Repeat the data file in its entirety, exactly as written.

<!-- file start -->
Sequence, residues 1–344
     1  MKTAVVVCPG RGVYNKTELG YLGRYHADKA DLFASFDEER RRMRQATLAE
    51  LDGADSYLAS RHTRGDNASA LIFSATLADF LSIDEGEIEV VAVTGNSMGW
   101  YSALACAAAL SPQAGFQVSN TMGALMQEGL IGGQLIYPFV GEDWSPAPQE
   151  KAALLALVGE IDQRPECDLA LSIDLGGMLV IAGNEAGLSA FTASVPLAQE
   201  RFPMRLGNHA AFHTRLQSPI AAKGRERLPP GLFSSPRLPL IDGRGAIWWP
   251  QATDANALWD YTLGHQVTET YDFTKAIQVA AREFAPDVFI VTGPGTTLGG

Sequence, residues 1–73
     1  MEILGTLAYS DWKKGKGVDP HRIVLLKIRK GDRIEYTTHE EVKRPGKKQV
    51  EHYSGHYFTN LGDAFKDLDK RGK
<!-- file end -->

Sequence, residues 1–344
     1  MKTAVVVCPG RGVYNKTELG YLGRYHADKA DLFASFDEER RRMRQATLAE
    51  LDGADSYLAS RHTRGDNASA LIFSATLADF LSIDEGEIEV VAVTGNSMGW
   101  YSALACAAAL SPQAGFQVSN TMGALMQEGL IGGQLIYPFV GEDWSPAPQE
   151  KAALLALVGE IDQRPECDLA LSIDLGGMLV IAGNEAGLSA FTASVPLAQE
   201  RFPMRLGNHA AFHTRLQSPI AAKGRERLPP GLFSSPRLPL IDGRGAIWWP
   251  QATDANALWD YTLGHQVTET YDFTKAIQVA AREFAPDVFI VTGPGTTLGG

Sequence, residues 1–73
     1  MEILGTLAYS DWKKGKGVDP HRIVLLKIRK GDRIEYTTHE EVKRPGKKQV
    51  EHYSGHYFTN LGDAFKDLDK RGK